3 things to know about credit when buying a home
Happy Financial Literacy Month! Every homebuying journey involves plenty of talk about money, especially if you’re in the market for your first home. The good news is there are plenty of people ready to help guide you on this adventure and make your homeownership dreams come true. (Shoutout to all our loan officers out there!)
For anyone needing a mortgage, credit will play a large role in your buying power. However, that doesn’t mean you won’t ever be able to purchase a house if you don’t have perfect credit, or plenty of cash in hand. Instead, you just need to be well-informed and adjust your approach to make things work. If you are planning to buy a home, here are three things you need to know about credit before you make your purchase.
Know your credit score and what it means.
Many people feel stuck with renting because they believe their credit disqualifies them from getting a loan, but sometimes, this is just an assumption. If you have a low credit score or bad credit history (or no history), don’t fret. You can clean it up. While this does involve actively making payments in full and on time, there is more to it than that — having an accurate credit report matters.
Look at it and if there is any inaccurate information, work on getting it removed. You can do this yourself with the assistance of free programs like Experian Boost in addition to paid options that could benefit you.
Don’t let a credit score stop you.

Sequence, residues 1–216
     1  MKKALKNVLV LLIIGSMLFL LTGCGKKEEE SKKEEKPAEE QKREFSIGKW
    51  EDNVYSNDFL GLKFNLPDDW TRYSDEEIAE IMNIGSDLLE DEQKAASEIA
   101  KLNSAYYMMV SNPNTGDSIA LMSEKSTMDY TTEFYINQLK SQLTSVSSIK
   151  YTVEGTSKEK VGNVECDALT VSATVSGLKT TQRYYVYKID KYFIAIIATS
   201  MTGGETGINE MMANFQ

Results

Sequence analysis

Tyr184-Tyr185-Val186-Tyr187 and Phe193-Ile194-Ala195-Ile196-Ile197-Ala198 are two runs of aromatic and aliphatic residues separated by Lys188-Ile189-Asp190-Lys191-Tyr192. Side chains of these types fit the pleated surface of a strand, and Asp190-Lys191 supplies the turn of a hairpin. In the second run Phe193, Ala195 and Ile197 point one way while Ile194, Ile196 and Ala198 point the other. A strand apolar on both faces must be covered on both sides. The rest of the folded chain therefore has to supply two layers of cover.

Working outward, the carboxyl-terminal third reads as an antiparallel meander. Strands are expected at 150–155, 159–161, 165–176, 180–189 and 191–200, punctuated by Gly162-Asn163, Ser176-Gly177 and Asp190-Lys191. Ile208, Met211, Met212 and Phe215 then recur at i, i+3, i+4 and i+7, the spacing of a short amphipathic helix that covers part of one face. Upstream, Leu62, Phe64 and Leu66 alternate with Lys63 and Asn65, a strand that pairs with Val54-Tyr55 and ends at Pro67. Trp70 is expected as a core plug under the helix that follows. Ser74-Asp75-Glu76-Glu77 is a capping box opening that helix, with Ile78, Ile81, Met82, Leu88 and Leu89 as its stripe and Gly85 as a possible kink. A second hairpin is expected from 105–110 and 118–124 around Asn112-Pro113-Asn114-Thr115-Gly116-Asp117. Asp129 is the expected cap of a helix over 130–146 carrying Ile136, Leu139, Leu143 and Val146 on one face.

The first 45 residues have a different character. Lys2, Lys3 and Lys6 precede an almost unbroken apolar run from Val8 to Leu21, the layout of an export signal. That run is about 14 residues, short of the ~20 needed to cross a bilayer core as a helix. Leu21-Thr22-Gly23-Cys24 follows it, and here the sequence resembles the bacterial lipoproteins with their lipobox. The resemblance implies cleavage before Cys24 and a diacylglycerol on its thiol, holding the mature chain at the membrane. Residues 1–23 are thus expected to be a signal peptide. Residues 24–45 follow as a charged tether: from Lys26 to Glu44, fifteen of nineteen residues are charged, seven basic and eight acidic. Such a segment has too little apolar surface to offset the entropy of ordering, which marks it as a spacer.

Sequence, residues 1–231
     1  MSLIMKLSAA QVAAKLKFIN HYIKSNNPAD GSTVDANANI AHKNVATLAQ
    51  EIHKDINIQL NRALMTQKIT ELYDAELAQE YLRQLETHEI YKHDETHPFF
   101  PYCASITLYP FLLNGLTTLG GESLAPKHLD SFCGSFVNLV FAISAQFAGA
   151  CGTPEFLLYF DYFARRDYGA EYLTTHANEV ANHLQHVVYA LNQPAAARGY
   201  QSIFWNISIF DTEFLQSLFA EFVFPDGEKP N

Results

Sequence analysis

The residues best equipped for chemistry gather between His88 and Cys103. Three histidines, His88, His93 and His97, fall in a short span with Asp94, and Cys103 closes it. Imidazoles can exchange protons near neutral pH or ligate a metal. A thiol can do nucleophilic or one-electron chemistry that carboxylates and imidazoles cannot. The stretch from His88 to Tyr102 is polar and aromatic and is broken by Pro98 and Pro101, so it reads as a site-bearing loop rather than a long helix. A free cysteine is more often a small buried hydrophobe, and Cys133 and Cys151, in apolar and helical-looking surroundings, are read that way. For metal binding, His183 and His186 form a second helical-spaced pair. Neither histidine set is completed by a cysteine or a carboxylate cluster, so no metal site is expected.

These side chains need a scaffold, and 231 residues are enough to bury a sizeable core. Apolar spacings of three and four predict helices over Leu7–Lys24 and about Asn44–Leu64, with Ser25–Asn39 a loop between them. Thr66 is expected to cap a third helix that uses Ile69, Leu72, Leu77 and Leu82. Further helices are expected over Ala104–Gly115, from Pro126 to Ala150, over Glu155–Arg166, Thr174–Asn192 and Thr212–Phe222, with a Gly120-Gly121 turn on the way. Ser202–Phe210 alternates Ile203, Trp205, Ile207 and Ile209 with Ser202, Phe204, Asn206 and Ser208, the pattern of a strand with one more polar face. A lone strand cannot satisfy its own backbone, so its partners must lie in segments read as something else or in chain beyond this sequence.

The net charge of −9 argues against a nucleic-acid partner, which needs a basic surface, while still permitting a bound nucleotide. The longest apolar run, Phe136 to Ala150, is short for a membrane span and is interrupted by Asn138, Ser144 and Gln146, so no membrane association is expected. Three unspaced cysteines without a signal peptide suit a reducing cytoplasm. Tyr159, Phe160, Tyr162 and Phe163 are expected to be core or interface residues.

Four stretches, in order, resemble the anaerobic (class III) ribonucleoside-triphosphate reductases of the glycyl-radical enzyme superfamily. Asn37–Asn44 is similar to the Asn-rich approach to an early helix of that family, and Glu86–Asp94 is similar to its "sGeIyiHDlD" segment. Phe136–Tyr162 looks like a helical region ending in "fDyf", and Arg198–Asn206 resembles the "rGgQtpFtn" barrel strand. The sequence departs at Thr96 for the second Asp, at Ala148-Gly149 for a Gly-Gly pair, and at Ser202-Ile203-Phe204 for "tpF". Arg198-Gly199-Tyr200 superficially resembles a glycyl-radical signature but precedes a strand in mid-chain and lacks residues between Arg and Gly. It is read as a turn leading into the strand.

We should always strive to improve, but here’s the deal: Perfect credit isn’t necessary to buy a home. Of course, a solid credit history helps, but there are other options available to those who have lower credit scores. Ultimately, having better credit means a lower mortgage rate. However, various loans are often available if you are willing to pay a slightly higher rate.
Having money for a down payment still matters.
It’s important to understand the importance – and the flexibility of a down payment. While the traditional 20 percent is not needed in most cases, having money for a down payment is still important. (In 2021, the average down payment was 7% for first-time homebuyers and 17% for repeat buyers.) It’s important to save money for this endeavor, no matter what your initial money expenditure turns out to be.
Many programs are out there to help people interested in buying a home, especially first-time homebuyers. Be sure to look for programs available at all levels, from local to state to federal, and from both the government and private sectors.
The bottom line is if you think you’re ready to buy a home, it’s important to have your finances in order and then choose the right real estate professionals to help you each step of the way. Our teams are ready to be your title and closing provider whenever you need us.